Radicchio Risotto

Radicchio Risotto
Radicchio makes a perfect winter risotto, but you can swap in any seasonal vegetable of your choice. (Giulia Scarpaleggia)

Use this recipe as a blueprint for any vegetable-based risotto. The best way to preserve the freshness of the vegetables is to cook them separately and add them halfway through the cooking of the risotto.

For hardier vegetables such as radicchio, mushrooms, artichokes, or asparagus, briefly sauté them, just enough to wilt or soften them, and then add them to the risotto.

For something like butternut squash, you can either cube the squash and sauté it, or bake the halved squash and scoop the roasted pulp directly into the risotto, for a creamy and comforting result. The same can be done with tomatoes: Roast them, blend them into a creamy sauce, and stir it into the risotto.

Tender vegetables, such as zucchini, zucchini blossoms, or even fresh fava beans and peas, can be added raw into the risotto in the last 10 minutes of cooking.

Add fresh herbs for freshness (pair mint with zucchini or asparagus, thyme with mushrooms); nuts and seeds for crunch (toasted hazelnuts or pumpkin seeds are perfect with squash); or charcuterie for richness (try thin strips of golden brown pancetta, or bits of crumbled sausage).

Do not overdo it, though: Choose just one vegetable, and finish the risotto with butter and some cheese that complements the vegetable of your choice.

Serves 4

For the Radicchio
  • 1 large head radicchio (about 10 ounces)
  • 1 shallot, thinly sliced
  • 2 tablespoons extra-virgin olive oil
For the Risotto
  • 1/3 cup butter, divided
  • 1 small onion, finely chopped
  • 1 1/2 cup (10 1/2 ounces) arborio or carnaroli rice
  • 1/2 cup dry white wine
  • 3 cups hot meat or vegetable stock
  • 2/3 cup grated Parmigiano Reggiano
  • 1 1/2 ounces pancetta, cut into thin strips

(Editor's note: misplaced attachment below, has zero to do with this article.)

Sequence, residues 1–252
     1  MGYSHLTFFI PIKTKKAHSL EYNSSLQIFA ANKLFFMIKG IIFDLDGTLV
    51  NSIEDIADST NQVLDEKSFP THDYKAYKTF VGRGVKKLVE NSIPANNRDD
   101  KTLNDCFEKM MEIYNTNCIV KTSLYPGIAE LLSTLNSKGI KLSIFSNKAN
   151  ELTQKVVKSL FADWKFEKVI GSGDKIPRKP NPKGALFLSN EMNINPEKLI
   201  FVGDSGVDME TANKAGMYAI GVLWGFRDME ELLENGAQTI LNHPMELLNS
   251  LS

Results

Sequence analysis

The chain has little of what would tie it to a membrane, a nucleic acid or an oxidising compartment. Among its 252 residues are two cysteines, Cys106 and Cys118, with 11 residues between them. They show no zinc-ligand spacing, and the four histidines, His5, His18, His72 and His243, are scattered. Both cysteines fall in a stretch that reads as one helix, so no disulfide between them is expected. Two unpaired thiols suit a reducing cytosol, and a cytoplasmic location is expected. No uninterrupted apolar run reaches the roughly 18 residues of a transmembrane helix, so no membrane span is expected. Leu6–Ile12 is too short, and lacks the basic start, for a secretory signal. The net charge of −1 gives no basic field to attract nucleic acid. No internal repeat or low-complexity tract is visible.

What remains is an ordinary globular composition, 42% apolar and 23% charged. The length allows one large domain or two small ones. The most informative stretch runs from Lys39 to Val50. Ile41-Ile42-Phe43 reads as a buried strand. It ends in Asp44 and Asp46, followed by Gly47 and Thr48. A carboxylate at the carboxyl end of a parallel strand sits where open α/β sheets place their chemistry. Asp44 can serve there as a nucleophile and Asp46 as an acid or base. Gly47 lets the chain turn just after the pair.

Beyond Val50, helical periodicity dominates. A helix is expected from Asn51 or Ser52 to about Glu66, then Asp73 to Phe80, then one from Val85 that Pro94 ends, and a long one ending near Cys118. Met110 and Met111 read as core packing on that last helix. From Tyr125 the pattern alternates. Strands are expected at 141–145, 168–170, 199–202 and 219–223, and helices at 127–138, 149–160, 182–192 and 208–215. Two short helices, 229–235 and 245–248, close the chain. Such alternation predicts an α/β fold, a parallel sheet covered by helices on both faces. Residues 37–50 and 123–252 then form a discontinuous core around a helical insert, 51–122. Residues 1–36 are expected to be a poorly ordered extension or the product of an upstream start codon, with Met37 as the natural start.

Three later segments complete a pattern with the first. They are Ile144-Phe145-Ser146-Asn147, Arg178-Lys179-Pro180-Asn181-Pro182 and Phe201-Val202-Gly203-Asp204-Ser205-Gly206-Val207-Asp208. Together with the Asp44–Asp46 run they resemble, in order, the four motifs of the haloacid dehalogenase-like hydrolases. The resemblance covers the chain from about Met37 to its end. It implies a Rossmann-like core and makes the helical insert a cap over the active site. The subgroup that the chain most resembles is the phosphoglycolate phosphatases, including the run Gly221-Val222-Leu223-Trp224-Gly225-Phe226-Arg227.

• Fine sea salt
First, prepare the radicchio: Rinse the leaves and cut them into strips. Transfer to a large pan with the olive oil and shallot. Cook over medium heat for 5 to 8 minutes, until wilted. Set aside.

Now prepare the risotto: Add half of the butter into a pan, followed by the minced onion and 1/2 teaspoon salt (the salt will help you cook down the onion without burning it). Sauté the onion in the butter over low heat until it becomes translucent and soft; just a few minutes will be enough.

Add the rice and use a wooden spoon to stir it into the sautéed onion. Turn the heat to medium-low and let the rice toast, constantly stirring, until it is translucent, almost pearly. Again, a few minutes will be enough.

Pour the white wine over the rice and cook, stirring with the wooden spoon, until all of it has cooked off or been absorbed by the rice.

Now, pour in the hot stock in four separate additions, stirring very often and waiting for each addition to be completely absorbed or evaporated before adding the next. Doing this, the risotto will become creamier thanks to the starch released by the rice as it is cooked in the stock. Halfway through the cooking, when you have used about half of the stock, add the sautéed radicchio, and stir thoroughly to incorporate it. This whole process will take about 15 minutes. Remember to taste the risotto every now and then, as you might not need all of the stock. The rice is ready when it feels soft, but still with a hard soul inside, slightly al dente.

While the rice is cooking, quickly sautée the pancetta strips in a hot pan for a few minutes, until nicely browned. Set aside.

When you have finished pouring in the stock—or maybe you’ll have just a tiny bit left—and the rice is cooked but still al dente, remove the risotto from the heat. Add the remaining butter and the grated Parmigiano Reggiano, and stir well. Taste it one last time to see if it still needs a little salt.

Top the risotto with the pancetta and serve immediately.

Giulia Scarpaleggia is a Tuscan-born and bred food writer, food photographer, and author of five cookbooks, including “From the Markets of Tuscany.” She is currently working on her sixth cookbook. Find her online at her blog, JulsKitchen.com